Two intrepid librarians

Two intrepid librarians review the best nonfiction books for children

Tuesday, February 15, 2022

Nonfiction News- February 2022



Mary Ann Cappiello of Lesley University and Xenia Hadjioannou of Penn State University have launched the #KidsLoveNonfiction campaign. They are asking the New York Times to report children's nonfiction bestsellers in three categories: picture book, middle grade and young adult. You can support the initiative by signing the online petition

2021 CYBILS Winners Announced

 The 2021 Children's and Young Adult Bloggers' Literary Awards (CYBILS) were announced this week. The CYBILS recognize books for literary merit and kid appeal.

Here are the winners in the nonfiction categories.

Elementary Nonfiction
Bartali's Bicycle: The True Story of Gino Bartali Italy's Secret Hero
by Megan Hoyt
illustrated by Iacopo Bruno

Middle Grade Nonfiction Winner
Mightier Than the Sword: Rebels, Reformers & Revolutionaries Who Changed the World Through Writing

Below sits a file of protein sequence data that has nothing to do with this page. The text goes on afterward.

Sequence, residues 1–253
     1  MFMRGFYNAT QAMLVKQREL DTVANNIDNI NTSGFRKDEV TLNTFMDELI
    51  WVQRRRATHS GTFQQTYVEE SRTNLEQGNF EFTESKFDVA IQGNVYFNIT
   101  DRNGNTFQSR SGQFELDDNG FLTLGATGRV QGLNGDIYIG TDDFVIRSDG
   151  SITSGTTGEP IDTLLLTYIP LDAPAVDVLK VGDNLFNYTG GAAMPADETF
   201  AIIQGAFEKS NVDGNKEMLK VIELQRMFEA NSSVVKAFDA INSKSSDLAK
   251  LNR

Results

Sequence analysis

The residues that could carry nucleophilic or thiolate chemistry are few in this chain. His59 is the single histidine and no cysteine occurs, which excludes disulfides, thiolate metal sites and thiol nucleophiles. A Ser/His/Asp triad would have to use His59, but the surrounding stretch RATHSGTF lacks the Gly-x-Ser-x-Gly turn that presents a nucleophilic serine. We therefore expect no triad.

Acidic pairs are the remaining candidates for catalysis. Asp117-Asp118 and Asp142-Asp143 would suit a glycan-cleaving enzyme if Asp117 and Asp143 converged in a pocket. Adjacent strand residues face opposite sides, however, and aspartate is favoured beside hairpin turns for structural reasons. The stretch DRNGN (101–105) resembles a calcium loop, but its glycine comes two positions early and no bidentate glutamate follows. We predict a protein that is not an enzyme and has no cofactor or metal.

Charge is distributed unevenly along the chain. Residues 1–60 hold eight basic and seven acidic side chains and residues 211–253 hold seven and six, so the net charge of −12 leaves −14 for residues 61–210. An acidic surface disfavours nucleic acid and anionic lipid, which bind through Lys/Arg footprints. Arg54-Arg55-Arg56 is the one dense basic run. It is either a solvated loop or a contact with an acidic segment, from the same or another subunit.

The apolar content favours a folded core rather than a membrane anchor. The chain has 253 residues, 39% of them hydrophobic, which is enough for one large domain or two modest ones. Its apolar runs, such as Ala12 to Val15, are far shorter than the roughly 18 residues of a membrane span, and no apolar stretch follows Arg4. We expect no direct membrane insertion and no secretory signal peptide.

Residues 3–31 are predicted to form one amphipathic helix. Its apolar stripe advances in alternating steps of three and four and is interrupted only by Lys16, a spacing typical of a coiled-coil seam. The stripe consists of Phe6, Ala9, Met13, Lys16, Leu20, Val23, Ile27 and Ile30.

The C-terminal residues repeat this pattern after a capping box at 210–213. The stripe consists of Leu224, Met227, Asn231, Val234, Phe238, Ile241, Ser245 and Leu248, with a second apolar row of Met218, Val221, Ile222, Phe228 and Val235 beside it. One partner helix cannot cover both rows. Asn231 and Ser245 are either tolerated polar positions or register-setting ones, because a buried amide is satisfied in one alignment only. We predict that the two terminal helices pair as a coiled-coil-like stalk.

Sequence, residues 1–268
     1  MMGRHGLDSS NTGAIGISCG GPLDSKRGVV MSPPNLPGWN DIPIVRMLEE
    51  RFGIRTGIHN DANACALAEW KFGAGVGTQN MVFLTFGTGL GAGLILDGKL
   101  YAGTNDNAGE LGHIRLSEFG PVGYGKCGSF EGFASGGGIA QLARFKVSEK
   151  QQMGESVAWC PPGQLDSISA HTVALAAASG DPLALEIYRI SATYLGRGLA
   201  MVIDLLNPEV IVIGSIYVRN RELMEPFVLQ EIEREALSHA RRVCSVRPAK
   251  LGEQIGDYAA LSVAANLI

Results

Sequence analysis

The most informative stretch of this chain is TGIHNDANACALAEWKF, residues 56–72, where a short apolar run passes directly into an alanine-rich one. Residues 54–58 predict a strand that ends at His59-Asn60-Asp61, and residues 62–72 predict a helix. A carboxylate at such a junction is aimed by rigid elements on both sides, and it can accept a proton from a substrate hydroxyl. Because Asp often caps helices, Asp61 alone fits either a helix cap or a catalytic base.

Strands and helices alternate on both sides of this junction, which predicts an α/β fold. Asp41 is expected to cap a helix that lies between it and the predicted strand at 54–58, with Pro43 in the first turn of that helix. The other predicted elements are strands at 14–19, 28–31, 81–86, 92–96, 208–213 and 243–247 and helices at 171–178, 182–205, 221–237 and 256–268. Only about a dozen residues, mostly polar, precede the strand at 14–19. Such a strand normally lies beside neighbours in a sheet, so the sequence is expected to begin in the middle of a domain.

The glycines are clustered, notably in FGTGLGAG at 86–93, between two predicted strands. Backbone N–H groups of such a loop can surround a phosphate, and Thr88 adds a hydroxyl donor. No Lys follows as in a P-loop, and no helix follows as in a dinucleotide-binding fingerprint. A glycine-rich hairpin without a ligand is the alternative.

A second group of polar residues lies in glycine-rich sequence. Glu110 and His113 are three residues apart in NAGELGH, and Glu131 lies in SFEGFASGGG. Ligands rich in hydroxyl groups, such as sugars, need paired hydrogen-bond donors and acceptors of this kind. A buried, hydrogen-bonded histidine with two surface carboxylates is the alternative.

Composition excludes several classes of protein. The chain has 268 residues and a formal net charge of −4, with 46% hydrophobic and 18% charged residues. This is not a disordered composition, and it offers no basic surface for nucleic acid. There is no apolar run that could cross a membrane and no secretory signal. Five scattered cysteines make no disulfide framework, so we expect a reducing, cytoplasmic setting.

by Rochelle Melander
illustrated by Melina Ontiveros

High School Nonfiction Winner
 Punching Bag by Rex Ogle

Claudette Colvin: Twice Toward Justice Movie

Award winning nonfiction book for teens, Claudette Colvin: Twice Toward Justice, is being made into a movie called Spark. Maine author, Phillip Hoose, won a National Book Award and received a Sibert Honor and Newbery Honor for his biography of Colvin.

2022 Cook Prize Finalists

The Bank Street College of Education announced finalists for the 2022 Cook Prize. The Cook Prize is recognizes the best STEM picture book of the year. The winning title will be selected by 3rd and 4th grade students in March and April. Educators can complete this form to register students to participate.

Butterfly for a King
by Susan L. Roth and Cindy Trumbore

Cougar Crossing: How Hollywood's Celebrity Cougar Helped Build a Bridge for City Wildlife
by Meeg Pincus and Alexander Vidal

The Great Stink: How Joseph Bazzalgette Solved London's Poop Pollution Problem
by Colleen Paeff and Nancy Carpenter

Nano: The Spectacular Science of the Very (Very) Small 
by Dr. Jess Wade and Melissa Castrillon


  1. Congrats to all the winners and finalists. I've reviewed three of the Cook Prize finalists. They're fabulous! Will have to find Butterfly for a King.

  2. For some reason I am unable to leave a comment on the post for Tonya's book, but hearty congrats to her. Shirley Chisholm was a true visionary!